• The crash of a 28-year-old F-15C Eagle fighter in Virginia in 2014 and the break-up of another F15-C over Missouri in 2007 focused attention on the aging of the U.S. Air Force’s fleet of fighters, bombers, and tanker aircrafts. Concerns about metal fatigue and corrosion forced the grounding of the entire F-15 fleet during the investigation of the 2014 incident, and prompted placing F-15Es on ground alert while flying missions in Iraq and Afghanistan with other aircrafts.
  • Nearly one of every five of the Marine Corps’ aircraft – as many as 134 aircrafts, including F/A-18 Hornets, CH-53E Super Stallions, AV-8B Harriers, MV-22B Ospreys, and H-1 Hueys – were grounded in early 2015 due to high levels of corrosion.
  • Over many years, problems with the cabin pressurization system in the U.S. Air Force’s C-130 aircraft had severely sickened pilots and crews and grounded many of the aircraft, causing costly delays. The problem was eventually traced to corrosion of a critical part.
Aircrafts are particularly vulnerable because they are constructed from a variety of metals that are subject to different types of corrosion, and because they are constantly exposed to corrosive environmental conditions.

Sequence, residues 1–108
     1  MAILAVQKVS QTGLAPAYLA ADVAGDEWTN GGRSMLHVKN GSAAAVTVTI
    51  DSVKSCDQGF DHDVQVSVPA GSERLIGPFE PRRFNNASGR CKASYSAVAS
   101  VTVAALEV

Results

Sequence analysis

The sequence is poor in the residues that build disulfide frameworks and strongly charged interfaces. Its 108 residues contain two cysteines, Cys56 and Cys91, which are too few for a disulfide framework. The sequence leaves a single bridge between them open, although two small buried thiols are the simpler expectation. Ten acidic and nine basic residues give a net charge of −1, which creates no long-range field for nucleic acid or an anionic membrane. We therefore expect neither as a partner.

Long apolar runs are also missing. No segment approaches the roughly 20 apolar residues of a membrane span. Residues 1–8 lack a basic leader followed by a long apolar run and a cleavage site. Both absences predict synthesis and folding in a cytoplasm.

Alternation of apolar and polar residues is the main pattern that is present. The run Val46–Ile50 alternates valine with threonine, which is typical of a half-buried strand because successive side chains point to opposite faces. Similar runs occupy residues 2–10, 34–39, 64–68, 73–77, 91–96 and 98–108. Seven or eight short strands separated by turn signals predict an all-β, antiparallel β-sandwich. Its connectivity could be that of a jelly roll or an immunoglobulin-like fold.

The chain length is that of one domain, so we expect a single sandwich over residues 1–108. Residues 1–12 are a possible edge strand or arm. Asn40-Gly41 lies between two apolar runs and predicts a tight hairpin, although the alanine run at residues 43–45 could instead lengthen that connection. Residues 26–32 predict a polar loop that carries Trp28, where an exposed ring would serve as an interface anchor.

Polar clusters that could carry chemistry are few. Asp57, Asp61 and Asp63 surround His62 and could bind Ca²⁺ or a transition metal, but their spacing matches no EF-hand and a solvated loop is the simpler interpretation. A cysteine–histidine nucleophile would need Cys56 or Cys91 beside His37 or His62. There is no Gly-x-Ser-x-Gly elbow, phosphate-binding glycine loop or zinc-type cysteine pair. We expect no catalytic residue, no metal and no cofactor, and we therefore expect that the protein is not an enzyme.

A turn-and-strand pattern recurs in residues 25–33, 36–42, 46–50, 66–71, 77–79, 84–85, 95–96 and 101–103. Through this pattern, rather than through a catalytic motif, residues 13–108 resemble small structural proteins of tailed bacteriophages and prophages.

Other factors – including the age of the plane, where it is operated, how often it is cleaned, and whether it is hangared – will also affect how quickly and to what extent corrosion will develop.

Environmental Factors

Corrosion occurs when a metal forms a chemical reaction with its environment, resulting in the oxidation, and eventual breakdown, of the metal. In aviation operations, both on the ground and in the air, specific environmental factors and the presence of certain substances make conditions right for corrosion to develop.